I did a search on the web before I created this sauce, just to make sure it didn’t already exist. And low and behold, I did find one, but only one, adventurous food blogger who has traversed this wild terrain. The lovely Nicole of Baking Bites blog (@bakingbites) posted a Roasted Strawberry and Tomato Salsa, which I can’t wait to try.
The idea of pairing strawberries with tomatoes originally came to me while perusing one of my favorite culinary sites, FoodPairing, which features dozens of potentially harmonious and sometimes very odd sounding ingredient pairings. (Another great site for this type of exploration is Khymos. Or check out the most comprehensive book ever written on the topic: The Flavor Bible, by Karen Page and Andrew Dornenburg. It lists thousands of ingredient pairings favored by some of the world’s most acclaimed chefs.)
Remarkably, strawberries do have something in common with tomatoes. As the theory goes, if two different foods share one or more volatile molecules, they are highly likely to complement each other when eaten together. Very few noted chefs, however, have expounded on the potential harmony that exists between strawberries and tomatoes. An exception is Chef Daniel Humm of Eleven Madison Park restaurant in New York. In The Flavor Bible, he mentions a gazpacho that he created using 80 percent strawberries and 20 percent tomatoes. Garnished with Hawaiian blue prawns, diced strawberries, and cured pork, the dish sounds fabulous.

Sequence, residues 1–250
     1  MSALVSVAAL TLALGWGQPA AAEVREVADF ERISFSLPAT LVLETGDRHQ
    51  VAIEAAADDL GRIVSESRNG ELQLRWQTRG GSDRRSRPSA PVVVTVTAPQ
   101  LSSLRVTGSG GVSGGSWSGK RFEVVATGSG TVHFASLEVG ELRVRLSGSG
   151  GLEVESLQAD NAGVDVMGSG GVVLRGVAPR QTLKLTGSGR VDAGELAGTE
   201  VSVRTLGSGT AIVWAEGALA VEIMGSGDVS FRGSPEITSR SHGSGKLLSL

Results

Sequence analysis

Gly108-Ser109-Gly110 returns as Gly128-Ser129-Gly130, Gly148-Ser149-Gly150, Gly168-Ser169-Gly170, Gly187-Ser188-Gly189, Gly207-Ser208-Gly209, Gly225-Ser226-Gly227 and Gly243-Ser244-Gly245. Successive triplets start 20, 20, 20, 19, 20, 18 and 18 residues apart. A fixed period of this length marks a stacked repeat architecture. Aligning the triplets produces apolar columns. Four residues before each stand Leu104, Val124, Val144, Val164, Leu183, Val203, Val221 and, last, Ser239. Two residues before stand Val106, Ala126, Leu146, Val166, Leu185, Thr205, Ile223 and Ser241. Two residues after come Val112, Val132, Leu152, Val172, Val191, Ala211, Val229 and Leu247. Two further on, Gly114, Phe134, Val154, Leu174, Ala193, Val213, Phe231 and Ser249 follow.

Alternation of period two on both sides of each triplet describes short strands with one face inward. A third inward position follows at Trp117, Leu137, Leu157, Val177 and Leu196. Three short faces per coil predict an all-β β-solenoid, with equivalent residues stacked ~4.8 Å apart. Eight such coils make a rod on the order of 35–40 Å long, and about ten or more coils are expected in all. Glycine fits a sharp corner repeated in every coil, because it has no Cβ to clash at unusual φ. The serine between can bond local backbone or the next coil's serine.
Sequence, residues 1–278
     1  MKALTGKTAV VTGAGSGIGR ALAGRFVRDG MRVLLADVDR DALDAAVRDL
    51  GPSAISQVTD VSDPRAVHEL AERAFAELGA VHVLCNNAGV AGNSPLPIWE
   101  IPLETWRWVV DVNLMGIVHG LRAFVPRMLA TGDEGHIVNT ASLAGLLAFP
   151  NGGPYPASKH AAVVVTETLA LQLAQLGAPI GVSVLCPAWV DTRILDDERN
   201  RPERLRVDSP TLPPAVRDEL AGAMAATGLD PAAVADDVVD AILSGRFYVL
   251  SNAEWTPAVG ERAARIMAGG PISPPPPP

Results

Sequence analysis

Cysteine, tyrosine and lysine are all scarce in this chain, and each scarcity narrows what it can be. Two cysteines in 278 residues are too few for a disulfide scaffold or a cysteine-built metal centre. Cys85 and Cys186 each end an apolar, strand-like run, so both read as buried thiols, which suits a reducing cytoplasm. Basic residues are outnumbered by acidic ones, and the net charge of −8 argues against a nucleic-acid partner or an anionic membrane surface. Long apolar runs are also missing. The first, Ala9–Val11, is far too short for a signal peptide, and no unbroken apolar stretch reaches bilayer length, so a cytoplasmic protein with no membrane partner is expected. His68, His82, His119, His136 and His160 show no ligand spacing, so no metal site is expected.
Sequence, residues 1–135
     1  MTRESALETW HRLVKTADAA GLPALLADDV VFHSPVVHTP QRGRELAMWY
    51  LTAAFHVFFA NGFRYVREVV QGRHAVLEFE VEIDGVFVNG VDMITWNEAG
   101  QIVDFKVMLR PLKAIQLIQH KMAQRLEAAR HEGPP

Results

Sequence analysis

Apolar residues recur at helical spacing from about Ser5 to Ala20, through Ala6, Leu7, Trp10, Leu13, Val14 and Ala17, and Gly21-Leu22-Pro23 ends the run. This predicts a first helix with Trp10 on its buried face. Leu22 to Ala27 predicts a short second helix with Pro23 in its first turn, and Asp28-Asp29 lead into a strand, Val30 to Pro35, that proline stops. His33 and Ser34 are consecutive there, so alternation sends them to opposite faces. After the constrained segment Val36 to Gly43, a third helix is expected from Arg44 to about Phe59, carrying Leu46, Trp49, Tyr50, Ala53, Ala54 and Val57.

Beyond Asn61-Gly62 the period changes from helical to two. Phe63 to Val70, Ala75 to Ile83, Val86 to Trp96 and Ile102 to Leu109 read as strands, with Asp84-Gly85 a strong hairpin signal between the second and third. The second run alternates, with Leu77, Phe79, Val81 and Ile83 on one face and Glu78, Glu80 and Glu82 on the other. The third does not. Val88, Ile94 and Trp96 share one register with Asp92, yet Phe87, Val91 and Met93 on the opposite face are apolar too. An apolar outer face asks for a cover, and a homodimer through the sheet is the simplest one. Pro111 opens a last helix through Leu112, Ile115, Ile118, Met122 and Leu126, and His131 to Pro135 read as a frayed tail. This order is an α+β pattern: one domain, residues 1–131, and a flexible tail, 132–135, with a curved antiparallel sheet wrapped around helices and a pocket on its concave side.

Spurred on by admiration for Daniel’s inspired gazpacho and watching way too many episodes of Food Network’s Chopped, with all those bizarre flavor combinations, I put aside the research part of this exploration and started putting together my mise-en-place in the OtherWorldly Kitchen. In my fantasy version of Chopped, I am competing against Bobby Flay and Mark LaPolla (@LifeByChocolate). We’re down to the wire. Two other world-class chefs, Tom Douglas and Ethan Stowell, have already been chopped. Sorry guys, good effort!
It’s the dessert course. We open the dreaded black basket. Gasp! We stare with astonishment at the contents: Parmesan, tomatoes, strawberries, and basil.
Here’s my dessert sauce. You will have to wait until the next post to see what I do with the Parmesan and basil. But trust me, it’s sensational. Bobby and Mark don’t stand a chance.
And yes, of course I intend to do a riff on that gazpacho. As soon as I can get my hands on local, ripe tomatoes.
Fresh Strawberry-Tomato Dessert Sauce
This refreshing and delicious desert sauce will surprise you. The tomatoes add a subtle savory (umami) element that is intriguing. See if your guests can detect the mystery ingredient.
1 pound (about 3 cups) fresh strawberries, stemmed (use frozen, thawed strawberries in a pinch)
¾ pound peeled, diced, ripe tomatoes with juice (use premium-quality canned tomatoes in a pinch)
½ cup sugar
½ cup red currant or strawberry jelly
1 tablespoon fresh lime juice, or more to taste
In a food processor fitted with the metal blade, liquefy the strawberries, tomatoes, and sugar. Reserve.
- Put the jelly into a small saucepan over medium heat and warm just to melt, whisking until smooth. (Or microwave to melt.)
- Add the jelly and lime juice to the strawberry-tomato sauce in the processor, and pulse to incorporate.
- Strain the sauce through a triple mesh chinoise into a storage container. Adjust flavor balance with a little more lime juice if necessary.
- Chill thoroughly and serve cold.
Makes 2 cups.